“Regardless of how much effort is poured into training forecasters and developing elaborate forecast support systems, decision-makers will either modify or discard the predictions if they do not trust them.”  — Dilek Onkal, International Journal of Forecasting 38:3 (July-September 2022), p.802.

The words quoted above grabbed my attention and prompted this post. Those of a geekly persuasion, like your blogger, are inclined to think of forecasting as a statistical problem. While that is obviously true, those of a certain age, like your blogger, understand that forecasting is also a social activity and therefore has a large human component.

Who Do You Trust?

Trust is always a two-way street, but let’s stay on the demand forecaster’s side. What characteristics of and actions by forecasters and demand planners build trust in their work? The above quoted Professor Onkal reviewed academic research on this topic going back to 2006. She summarized results from practitioner surveys that identified key trust factors related to forecaster characteristics, forecasting process, and forecasting communication.

Forecaster characteristics

Key to building trust among the users of forecasts are perceptions of forecaster and demand planner competence and objectivity. Competence has a mathematical component, but many managers confuse computer skills with analytic skills, so users of forecasting software can usually clear this hurdle. However, since the two are not the same, it pays dividends to absorb your vendor’s training and learn not just the math but the lingo of your forecasting software. In my observation, trust can also be increased by showing knowledge of the company’s business.

Objectivity is also a key to trustworthiness. It may be uncomfortable for the forecaster to be put in the middle of occasional departmental squabbles, but those will come up and must be handled with tact. Squabbles? Well, silos exist and tilt in different directions. Sales departments favor higher demand forecasts that drive production increases, so that they never have to say “Sorry, we are fresh out of that.” Inventory managers are wary of high demand forecasts, because “excess enthusiasm” can leave them holding the bag, sitting on bloated inventory.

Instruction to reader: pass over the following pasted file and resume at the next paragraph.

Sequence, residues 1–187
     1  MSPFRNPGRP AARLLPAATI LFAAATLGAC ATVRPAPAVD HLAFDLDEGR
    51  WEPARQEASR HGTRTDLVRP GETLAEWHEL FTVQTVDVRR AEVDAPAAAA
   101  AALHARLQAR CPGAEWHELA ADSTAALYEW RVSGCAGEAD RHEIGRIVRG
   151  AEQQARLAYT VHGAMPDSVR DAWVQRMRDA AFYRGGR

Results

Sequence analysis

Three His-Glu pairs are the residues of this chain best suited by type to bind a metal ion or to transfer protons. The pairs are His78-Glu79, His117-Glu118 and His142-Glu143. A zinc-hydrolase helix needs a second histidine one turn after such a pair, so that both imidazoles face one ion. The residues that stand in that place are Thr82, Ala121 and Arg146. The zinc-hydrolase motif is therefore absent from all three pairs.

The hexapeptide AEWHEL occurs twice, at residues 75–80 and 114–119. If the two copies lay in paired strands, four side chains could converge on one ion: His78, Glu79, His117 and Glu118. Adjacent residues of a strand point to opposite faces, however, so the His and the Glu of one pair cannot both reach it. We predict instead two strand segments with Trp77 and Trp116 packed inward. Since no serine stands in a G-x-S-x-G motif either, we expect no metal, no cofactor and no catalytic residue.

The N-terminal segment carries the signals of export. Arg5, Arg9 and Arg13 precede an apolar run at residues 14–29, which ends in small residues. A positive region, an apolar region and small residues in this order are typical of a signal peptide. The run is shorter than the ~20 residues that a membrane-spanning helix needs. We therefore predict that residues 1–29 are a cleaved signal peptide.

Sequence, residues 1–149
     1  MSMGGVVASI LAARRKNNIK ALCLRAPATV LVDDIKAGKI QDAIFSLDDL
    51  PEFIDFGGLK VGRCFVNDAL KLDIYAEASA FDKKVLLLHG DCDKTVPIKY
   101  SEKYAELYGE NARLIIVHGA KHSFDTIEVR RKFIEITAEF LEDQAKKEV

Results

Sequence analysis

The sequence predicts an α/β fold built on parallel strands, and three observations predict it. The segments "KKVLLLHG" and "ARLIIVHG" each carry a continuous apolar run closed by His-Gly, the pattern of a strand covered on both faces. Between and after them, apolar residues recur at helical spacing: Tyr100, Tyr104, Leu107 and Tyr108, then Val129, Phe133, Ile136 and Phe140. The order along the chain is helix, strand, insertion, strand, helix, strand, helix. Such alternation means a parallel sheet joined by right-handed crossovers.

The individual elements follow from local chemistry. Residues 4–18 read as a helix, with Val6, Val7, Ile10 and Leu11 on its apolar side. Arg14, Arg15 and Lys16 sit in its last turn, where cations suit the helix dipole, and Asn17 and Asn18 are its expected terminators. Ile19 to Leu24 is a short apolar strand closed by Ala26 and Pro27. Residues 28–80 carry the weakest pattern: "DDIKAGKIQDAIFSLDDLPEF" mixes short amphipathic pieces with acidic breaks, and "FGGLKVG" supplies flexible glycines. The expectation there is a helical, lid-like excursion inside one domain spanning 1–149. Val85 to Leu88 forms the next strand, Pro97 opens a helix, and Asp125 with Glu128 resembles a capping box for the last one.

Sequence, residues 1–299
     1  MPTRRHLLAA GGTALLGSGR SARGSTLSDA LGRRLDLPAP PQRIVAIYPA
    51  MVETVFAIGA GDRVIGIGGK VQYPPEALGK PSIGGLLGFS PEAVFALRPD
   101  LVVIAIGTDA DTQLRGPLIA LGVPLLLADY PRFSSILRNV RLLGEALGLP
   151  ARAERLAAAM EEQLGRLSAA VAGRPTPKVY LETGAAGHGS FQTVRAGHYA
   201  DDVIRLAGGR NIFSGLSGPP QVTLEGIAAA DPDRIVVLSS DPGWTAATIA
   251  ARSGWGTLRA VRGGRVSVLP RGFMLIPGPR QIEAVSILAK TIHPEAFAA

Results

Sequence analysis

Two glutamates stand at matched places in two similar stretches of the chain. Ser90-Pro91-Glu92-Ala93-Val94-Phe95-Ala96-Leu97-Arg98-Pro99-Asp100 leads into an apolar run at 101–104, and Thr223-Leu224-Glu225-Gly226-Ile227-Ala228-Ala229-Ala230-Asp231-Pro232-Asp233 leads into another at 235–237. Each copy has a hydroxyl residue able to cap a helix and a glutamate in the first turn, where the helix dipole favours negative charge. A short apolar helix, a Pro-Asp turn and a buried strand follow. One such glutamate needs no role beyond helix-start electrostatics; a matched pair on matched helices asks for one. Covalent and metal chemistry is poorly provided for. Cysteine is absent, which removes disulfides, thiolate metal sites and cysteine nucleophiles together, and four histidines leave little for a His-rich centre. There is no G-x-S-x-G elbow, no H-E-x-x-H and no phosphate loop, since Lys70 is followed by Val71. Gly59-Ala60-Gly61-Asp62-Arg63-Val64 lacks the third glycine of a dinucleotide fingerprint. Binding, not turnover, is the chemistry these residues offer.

Sometimes the forecaster becomes a de facto referee, and in this role must display overt signs of objectivity. That can mean first recognizing that every management decision involves tradeoffs of good things against other good things, e.g., product availability versus lean operations, and then helping the parties strike a painful but tolerable balance by surfacing the links between operational decisions and the key performance metrics that matter to folks like Chief Financial Officers.

The Forecasting process

The forecasting process can be thought of as having three phases: data inputs, calculations, and outputs. Actions can be taken to increase trust in each phase.


Regarding inputs:

Trust can be increased if obviously relevant inputs are at least acknowledged if not directly used in calculations. Thus, factors like social media sentiment and regional sales managers’ gut instincts can be legitimate parts of a forecast consensus process. However, objectivity requires that these putative predictors of profit be tested objectively. For instance, a professional-grade forecasting process may well include subjective adjustment to statistical forecasts but must then also assess whether the adjustments actually end up improving accuracy, not just making some people feel listened to.